Roster of Press Releases


The Survivors Network of those Abused by Priests

SNAP Press Release

Sex victim speaks publicly for first time

He blasts ‘bizarre’ new archdiocesan defense

SNAP calls it’s “the worst legal move ever” by church here

Judge rules that church admits abuse could have been stopped

But archbishop exploits technicality: crimes weren’t on church property

Group begs Carlson to “change course” & stop the “hair-splitting” tactics

Holding signs and childhood photos at a sidewalk news conference, a south St. Louis man will speak publicly for the first time (and take questions) about his childhood sexual abuse by a priest. He will also
--blast the St. Louis archbishop’s unprecedented new legal move to block his child sex lawsuit against a known predator,
--strongly urge the archbishop to drop the “hardball” move and
--pledge to never exploit this “bizarre” technicality again.

He and other victims will also
--beg the archbishop to honor the Pope’s recent stated wishes and “come clean” about all proven, admitted and credibly accused predatory priests who have been or are in the St. Louis archdiocese, and
--obey the Pope’s recent pledge to “do everything possible” to prevent future abuse.

Tuesday, July 20 at 1:00 p.m.

Outside Mary Magdalen Catholic church, Kingshighway and Bancroft, on the city’s south side

Paul Alvino of St. Louis, along with two-three clergy sex abuse victims who belong to a support group called SNAP, Survivors Network of those Abused by Priests (

In a formal ruling, City Circuit Court Judge Donald McMullin has found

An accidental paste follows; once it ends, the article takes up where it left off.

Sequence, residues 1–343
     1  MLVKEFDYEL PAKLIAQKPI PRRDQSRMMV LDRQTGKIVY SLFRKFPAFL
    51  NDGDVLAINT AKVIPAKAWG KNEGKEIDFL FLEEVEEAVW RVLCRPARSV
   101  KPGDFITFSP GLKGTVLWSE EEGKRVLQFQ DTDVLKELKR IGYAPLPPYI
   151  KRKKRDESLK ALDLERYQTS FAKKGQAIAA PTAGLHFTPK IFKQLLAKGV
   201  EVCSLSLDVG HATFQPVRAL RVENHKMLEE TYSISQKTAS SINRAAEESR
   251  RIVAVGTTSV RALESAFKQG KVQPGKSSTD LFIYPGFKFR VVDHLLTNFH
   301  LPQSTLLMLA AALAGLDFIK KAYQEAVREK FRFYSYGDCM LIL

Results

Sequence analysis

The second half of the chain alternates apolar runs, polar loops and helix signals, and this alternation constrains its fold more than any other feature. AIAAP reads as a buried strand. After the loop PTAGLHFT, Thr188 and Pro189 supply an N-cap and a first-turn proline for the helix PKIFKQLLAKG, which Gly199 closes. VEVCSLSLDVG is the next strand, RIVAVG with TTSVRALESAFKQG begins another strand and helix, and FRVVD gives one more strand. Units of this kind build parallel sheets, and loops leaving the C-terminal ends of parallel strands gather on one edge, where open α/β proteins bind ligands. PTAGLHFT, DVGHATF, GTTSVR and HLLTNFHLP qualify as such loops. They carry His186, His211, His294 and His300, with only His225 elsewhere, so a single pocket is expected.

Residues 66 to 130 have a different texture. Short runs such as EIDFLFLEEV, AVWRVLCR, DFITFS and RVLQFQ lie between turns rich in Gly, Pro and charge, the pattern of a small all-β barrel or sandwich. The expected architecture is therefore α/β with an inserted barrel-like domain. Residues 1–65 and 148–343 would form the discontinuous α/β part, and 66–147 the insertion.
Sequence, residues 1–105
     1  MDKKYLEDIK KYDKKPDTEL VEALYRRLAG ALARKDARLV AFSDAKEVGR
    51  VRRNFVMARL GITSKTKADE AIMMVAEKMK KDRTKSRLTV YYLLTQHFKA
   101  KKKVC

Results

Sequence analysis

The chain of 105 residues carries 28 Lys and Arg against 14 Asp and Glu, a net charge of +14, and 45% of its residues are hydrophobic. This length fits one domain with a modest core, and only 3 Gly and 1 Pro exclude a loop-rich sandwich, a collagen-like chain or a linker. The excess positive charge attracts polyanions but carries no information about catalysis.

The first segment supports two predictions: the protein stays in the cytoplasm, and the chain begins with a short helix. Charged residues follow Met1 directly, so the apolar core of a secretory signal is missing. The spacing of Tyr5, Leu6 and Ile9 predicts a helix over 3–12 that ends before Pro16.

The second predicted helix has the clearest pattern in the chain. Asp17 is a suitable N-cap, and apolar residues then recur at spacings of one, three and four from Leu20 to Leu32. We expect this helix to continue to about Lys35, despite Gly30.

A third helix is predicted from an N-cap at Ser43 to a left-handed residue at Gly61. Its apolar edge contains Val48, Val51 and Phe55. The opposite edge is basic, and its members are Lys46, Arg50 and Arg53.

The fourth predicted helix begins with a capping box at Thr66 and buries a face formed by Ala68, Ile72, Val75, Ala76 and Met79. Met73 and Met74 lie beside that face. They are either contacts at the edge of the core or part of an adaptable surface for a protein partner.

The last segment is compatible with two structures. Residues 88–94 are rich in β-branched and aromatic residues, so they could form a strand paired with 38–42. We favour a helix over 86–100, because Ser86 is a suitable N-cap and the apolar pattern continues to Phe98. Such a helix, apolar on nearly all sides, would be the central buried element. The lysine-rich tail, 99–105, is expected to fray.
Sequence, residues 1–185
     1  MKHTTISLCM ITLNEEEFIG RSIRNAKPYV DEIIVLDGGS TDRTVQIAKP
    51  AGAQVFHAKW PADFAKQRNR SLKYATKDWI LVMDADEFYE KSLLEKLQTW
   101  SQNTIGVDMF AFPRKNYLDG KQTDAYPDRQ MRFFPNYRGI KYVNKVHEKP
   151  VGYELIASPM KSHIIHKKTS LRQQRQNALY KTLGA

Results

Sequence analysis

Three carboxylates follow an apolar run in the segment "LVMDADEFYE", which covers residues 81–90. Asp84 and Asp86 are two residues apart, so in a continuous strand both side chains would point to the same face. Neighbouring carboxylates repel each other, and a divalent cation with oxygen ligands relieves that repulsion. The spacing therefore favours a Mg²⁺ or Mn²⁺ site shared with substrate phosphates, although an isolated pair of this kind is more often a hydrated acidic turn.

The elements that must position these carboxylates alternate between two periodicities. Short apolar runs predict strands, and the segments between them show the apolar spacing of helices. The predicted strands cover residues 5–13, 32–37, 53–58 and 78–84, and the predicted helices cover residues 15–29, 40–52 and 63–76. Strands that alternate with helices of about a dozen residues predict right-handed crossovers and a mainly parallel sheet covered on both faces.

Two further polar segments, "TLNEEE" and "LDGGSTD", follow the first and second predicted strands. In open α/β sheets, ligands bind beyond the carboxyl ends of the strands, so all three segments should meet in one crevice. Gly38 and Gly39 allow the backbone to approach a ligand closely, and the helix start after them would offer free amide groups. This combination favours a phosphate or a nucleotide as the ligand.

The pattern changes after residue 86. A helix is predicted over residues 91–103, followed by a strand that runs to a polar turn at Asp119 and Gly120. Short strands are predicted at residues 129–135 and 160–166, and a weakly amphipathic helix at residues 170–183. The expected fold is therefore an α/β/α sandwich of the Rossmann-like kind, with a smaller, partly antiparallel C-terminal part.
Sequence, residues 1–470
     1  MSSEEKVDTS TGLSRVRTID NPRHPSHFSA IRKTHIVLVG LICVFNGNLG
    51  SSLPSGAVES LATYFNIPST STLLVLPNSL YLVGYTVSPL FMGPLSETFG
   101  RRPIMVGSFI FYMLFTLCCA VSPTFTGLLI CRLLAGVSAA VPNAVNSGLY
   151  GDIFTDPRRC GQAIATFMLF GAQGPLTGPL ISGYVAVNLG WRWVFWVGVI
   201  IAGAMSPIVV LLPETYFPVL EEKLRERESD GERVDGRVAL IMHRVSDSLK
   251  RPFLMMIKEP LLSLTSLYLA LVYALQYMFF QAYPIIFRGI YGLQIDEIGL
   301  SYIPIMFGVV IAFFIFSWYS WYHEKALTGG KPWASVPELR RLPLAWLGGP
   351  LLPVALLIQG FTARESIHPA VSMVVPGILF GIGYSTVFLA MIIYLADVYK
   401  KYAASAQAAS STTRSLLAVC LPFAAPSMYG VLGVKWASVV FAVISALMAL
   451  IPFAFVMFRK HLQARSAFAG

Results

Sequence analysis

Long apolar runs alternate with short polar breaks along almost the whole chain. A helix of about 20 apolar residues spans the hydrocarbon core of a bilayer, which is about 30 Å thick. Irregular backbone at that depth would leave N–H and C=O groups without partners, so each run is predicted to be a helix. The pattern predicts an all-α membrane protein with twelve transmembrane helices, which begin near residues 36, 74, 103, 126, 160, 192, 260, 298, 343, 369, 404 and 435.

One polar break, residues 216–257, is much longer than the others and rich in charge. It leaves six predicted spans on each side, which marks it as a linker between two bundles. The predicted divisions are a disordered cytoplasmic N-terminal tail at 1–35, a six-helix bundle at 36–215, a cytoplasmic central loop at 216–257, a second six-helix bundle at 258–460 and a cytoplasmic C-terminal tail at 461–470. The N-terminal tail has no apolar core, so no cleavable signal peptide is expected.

1. that an alleged child sex abuse victim, Alvino, “has evidence” that the archdiocese knew a priest “had a history of sexual abuse,
2. that leaving (the priest) alone with children was certain. . .to result in harm to (others),
3. church officials "disregarded that known risk, and, as a result,"
4. (at least one boy) was sexually abused by (the priest.)”

Still, in an unprecedented move, the Archdiocese is arguing that it “can only be held liable if the abuse occurred on (church property).”

In March, the judge agreed with the archdiocese and tossed out the case. In April, Alvino filed an appeal which is still pending.

SNAP calls the church’s defense “a bizarre, rare and inexcusable technicality” – the fact that the crimes allegedly took place off church property (at a “clubhouse” on the Big River). It’s believed to be the first time in Missouri history that church officials have successfully used the argument, which SNAP finds morally deplorable. The organization calls the church’s move “possibly the most mean-spirited legal maneuver in archdiocesan history.”

Church officials usually win in court using other technical defenses, notably the statute of limitations. So even though the archdiocese has used the “not on church property” tactic before, until now, it’s never been the sole reason that a clergy sex abuse case was tossed out by a Missouri court.

Cooper abused Alvino, who was then around 12 years old, at St. Mary Magdalen parish in south St. Louis from 1970 to 1971. Alvino filed his suit in 2005.

Cooper was ordained in 1955, retired in 1993, died in 2003, and worked in Webster Groves, Hazelwood, University City, Jennings and St. Louis city (and perhaps other locations). In 2005, when the suit against him was first filed, archdiocesan staff refused to provide a list of where Cooper worked. SNAP is urging Carlson to do so now.

The archdiocese’s lawyers are Bernie Huger, Luci Huger and Ed Goldenhersh, who several weeks ago sponsored a reception in downtown Clayton for Archbishop Robert Carlson.

Alvino, identified only as John Doe, discussed his case in the most recent issue of the Riverfront Times:

Here’s the original story about the filing of Alvino’s lawsuit:

David Clohessy 314 566 9790, Barbara Dorris 314 503 0003

Survivors Network of those Abused by Priests